During the attack, the police used military-grade machinery to tear down the fence that protected the home. They intentionally used hoses to spray so much water, at such intense pressures, that they almost flooded the home basement, as well. They viciously tear-gassed and beat several members of MOVE before arresting them. The attack was ordered by the mayor at the time, Frank Rizzo. Rizzo immediately moved forward with demolishing the house. In court, they were all convicted of third-degree murder, criminal conspiracy, attempted murder, and aggravated assault based on “being a family”. Since that time, members of the MOVE 9, collectively serving over 100 years, have been released, two have died in prison (Phil and Merle Africa), Delbert Africa died six months after his release, and Chuck Africa, the youngest to enter and last to be released, is currently battling stage 4 cancer. What the US has done to MOVE is beyond criminal, and still today the inhumanity continues. 

Despite a half-ass apology statement issued to the public, NOT the MOVE family, this isn’t abnormal for institutions like Penn, who recently came under heavy criticism for the non-consented collection and hoarding of Black remains. Penn Museum released a statement in 2020 regarding its Morton Collection which was made up of more than 1,000 skulls– a collection amassed by a 19th-century white supremacist researcher who directed workers to pull the bones from unmarked graves.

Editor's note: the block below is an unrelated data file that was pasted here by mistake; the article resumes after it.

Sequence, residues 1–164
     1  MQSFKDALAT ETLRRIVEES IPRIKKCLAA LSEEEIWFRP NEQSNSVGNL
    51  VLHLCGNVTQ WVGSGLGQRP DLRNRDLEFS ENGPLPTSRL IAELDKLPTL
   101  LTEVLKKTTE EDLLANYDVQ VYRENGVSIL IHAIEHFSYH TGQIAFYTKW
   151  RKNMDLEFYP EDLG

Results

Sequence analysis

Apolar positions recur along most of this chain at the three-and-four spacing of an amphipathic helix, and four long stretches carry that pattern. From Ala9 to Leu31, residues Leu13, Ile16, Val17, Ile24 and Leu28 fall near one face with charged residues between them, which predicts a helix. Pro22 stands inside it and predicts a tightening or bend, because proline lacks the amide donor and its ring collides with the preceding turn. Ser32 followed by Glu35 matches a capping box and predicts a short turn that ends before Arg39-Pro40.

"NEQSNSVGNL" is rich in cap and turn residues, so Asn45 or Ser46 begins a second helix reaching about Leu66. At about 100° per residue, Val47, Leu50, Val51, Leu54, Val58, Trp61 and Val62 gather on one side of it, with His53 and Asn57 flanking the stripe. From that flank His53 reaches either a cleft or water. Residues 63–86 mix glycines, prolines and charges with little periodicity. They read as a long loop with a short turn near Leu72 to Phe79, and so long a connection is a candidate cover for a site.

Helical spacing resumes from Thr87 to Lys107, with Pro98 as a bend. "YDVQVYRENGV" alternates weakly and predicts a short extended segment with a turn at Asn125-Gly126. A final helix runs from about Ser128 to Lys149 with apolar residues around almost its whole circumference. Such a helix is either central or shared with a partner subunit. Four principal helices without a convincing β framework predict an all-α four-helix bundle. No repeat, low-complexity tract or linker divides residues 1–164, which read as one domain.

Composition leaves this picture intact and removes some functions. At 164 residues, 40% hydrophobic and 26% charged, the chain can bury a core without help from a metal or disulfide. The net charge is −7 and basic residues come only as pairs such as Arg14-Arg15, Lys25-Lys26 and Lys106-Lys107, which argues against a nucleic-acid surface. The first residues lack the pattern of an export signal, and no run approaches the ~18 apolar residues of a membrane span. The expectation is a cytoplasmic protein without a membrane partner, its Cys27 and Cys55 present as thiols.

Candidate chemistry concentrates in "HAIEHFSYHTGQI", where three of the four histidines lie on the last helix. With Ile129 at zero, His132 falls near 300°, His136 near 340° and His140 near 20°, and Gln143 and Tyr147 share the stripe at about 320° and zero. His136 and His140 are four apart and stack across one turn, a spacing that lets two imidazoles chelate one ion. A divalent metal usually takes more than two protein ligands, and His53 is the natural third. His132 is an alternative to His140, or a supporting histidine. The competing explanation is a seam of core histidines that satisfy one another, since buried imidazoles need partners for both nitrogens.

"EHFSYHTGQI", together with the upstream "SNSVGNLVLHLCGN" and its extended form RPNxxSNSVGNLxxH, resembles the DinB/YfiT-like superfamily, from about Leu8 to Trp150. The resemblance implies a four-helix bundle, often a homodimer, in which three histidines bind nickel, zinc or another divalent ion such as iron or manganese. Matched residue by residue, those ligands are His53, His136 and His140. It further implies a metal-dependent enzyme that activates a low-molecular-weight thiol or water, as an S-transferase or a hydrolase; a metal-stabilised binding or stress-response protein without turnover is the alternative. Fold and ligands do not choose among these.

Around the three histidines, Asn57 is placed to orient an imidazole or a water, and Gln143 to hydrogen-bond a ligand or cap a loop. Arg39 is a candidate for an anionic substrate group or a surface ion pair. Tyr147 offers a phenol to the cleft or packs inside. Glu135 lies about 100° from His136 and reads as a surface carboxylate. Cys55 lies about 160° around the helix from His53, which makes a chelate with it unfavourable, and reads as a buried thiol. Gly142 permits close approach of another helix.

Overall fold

At Monday’s press conference held by MOVE, the demands made were:

  • Immediate return of remains of Delisha and Tree Africa 
  • A full investigation of Penn Princeton’s role in the unethical possession of their remains
  • Fire Penn faculty and curator Janet Monge
  • A formal apology from Penn and Princeton
  • Reparations for these atrocities. 

At a press conference outside of the University of Pennsylvania on Wednesday, Pam Africa recounted all of the murder and torture that has been inflicted upon the followers of John Africa. She recounted the several attacks against the women and children of MOVE, pointing out specifically an encounter where the police killed Janine Africa’s three-week-old baby, crushing its skull. During the press conference, Pam and several other speakers made it clear that MOVE demands more than an apology— there must be restitution. What the MOVE family has explicitly made clear is that the only real justice they can receive is for their family who are still alive– FREE MUMIA ABU JAMAL! 

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“To educate the masses politically does not mean, cannot mean, making a political speech. What it means is to try, relentlessly and passionately, to teach the masses that everything depends on them; that if we stagnate it is their responsibility, and that if we go forward it is due to them too, that there is no such thing as a demiurge, that there is no famous man who will take the responsibility for everything, but that the demiurge is the people themselves and the magic hands are finally only the hands of the people.”
― Frantz Fanon, The Wretched of the Earth